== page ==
You can save a lot of money on health insurance, but should you?

Personal Finance


Heather Kofke-Egger knows first-hand the risks of depending on a plan with skimpy benefits.

Just out of college in 2002, she could pay $450 a month for a health plan offered to new graduates, or $85 a month for a short-term plan. “I knew I was taking a risk,” she said. “Plans didn’t cover pre-existing conditions, but without a job lined up, I had no way to pay the [higher] premiums.”

Kofke-Egger, now a health-care data professional in Chicago, bought the cheaper plan, thinking her youth and relatively good health would protect her from unexpected expenses.

Diagnosed with depression in college, Kofke-Egger was doing well upon graduation. She filled a 90-day supply of antidepressants before leaving school and hoped to have a job with health insurance by the time she needed a refill.

More from Personal Finance:
Picking the wrong Medicare plan could cost you thousands
Want to win at 401(k) investing? Try a less-is-more approach
Difficult bosses can be managed with this simple HR secret strategy

“But I wasn’t able to find a job quickly, and the transition from college and stress of being unable to find a job really flared up my depression,” she said. She took a low-level temp job, and her situation grew worse. A primary care doctor put her on another medication.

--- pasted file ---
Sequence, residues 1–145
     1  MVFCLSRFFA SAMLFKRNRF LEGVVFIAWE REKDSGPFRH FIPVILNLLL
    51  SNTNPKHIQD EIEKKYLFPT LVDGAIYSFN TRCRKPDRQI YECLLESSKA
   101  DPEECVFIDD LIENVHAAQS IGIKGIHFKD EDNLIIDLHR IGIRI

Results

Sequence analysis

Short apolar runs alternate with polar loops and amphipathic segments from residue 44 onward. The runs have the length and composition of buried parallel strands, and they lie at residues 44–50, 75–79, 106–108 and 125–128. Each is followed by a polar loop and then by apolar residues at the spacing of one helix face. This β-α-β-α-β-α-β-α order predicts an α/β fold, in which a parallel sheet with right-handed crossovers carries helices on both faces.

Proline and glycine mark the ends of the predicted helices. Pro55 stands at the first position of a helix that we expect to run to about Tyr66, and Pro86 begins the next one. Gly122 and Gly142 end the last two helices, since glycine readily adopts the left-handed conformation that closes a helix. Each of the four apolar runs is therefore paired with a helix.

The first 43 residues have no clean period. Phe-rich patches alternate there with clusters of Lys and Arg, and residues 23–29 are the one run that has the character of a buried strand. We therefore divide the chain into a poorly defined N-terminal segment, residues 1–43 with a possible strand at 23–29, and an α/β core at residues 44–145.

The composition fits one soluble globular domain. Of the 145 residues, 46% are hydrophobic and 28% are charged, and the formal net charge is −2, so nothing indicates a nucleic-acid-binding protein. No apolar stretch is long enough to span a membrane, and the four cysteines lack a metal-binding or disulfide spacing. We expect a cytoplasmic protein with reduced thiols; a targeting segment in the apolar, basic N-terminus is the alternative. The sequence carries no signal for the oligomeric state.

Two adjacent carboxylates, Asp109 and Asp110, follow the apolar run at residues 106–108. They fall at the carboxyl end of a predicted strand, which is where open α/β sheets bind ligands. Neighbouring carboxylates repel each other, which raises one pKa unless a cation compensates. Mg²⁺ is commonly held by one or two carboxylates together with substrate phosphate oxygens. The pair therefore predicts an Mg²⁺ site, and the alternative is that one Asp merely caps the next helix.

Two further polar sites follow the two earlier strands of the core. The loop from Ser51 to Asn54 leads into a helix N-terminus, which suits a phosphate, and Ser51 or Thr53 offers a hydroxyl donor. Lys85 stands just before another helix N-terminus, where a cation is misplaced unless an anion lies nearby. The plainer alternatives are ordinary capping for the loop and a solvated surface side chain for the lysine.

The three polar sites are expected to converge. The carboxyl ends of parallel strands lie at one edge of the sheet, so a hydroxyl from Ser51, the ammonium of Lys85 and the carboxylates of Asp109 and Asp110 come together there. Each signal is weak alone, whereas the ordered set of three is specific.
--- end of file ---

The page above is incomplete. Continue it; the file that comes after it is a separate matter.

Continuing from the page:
Without a prescription drug benefit, Kofke-Egger was paying more than $600 a month for medication and therapy. “About half my gross pay went to medical care,” she said. “I was struggling to get myself to work each day.”

Short-duration plans give you a feeling of safety, Kofke-Egger said, but not a full understanding of the lack of protections. “You have to read the fine print really carefully,” she said. Young people may be especially vulnerable.

Kofke-Egger credits a program in Maine with allowing her to qualify for Medicaid and get complete treatment for the first time in six months. “It literally changed the trajectory of my life and career,” she said, and helped her to gradually get better.

“No one expects to have a major mental health episode,” Kofke-Egger said. “The coverage I bought for emergencies was useless when I needed it the most.”



Source link

Products You May Like

Articles You May Like

Domino’s shares slide after same-store sales growth disappoints
Semis are the hottest trade of the year. Here are 3 ways to play it
Avis, Navient, Cheesecake Factory and more
Here are smart money moves to help build long-term financial security
US won’t give Saudi Arabia key to nuclear weapon building

Leave a Reply

Your email address will not be published. Required fields are marked *